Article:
While I have major differences with the proposals put forward in Which Way and Manifesto, I know [the] anti-authoritarian movement in the U.S. has a long way to go before it can demonstrate that building struggle from below is more effective than strategies that rely on parties and the state. To critique the latter approach carries with it an implicit challenge: to build new kinds of horizontal power, capable of meeting people’s needs while outmaneuvering or outfighting the state form. We have our work cut out for us.

Everybodywantsanewleft.gif picture by adam_freedom


Lessons Learned: Latin American Left Has Much to Teach Obama Supporters

Written by Daniel Denvir
January 2009, The Indypendent

ObamandLA.jpg picture by adam_freedomAn interesting, but sadly all too brief overview on the election of left-wing governments across Latin America and their relationship with social movements. Raises interesting parallels and questions about the relationship between Obama and left social movements in the US.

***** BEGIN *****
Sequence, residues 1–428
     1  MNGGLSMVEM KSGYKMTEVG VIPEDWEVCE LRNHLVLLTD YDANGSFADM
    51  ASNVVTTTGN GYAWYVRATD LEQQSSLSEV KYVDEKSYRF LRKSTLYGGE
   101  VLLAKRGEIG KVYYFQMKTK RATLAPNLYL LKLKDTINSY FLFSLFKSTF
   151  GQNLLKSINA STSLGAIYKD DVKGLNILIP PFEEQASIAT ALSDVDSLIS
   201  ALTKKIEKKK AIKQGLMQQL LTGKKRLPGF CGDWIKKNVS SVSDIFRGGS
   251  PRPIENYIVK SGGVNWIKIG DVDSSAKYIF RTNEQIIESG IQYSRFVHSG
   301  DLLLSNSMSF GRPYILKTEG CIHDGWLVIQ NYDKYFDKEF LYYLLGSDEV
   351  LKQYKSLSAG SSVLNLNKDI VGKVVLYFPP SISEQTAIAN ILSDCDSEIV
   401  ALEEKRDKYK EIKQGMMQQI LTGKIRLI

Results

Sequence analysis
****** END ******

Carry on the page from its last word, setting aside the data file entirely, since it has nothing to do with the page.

In this context of ambiguous electoral victories, movements throughout the hemisphere have come to the conclusion that despite the importance of electing and defending progressive governments, real change cannot come without struggles in the workplaces, schools and streets. Workers making windows and doors in Chicago and landless farmers occupying oligarchs’ landholdings in Brazil and Bolivia legislate their own reality. While social movements in the U.S. should fight to hold Obama accountable for his business friendly tendencies, we must also fight to transform the political landscape from below. After all, it was the massive social movements of the 1930s and not the president’s ideological disposition that pushed FDR to enact his New Deal reforms. But an “inside-outside strategy” holds both promise and pitfalls, as movements navigate the blurry line between critical engagement and cheerleading. As Uruguayan writer Raúl Zibechi writes, “In love as in cooptation, you need two.” The same goes for social change.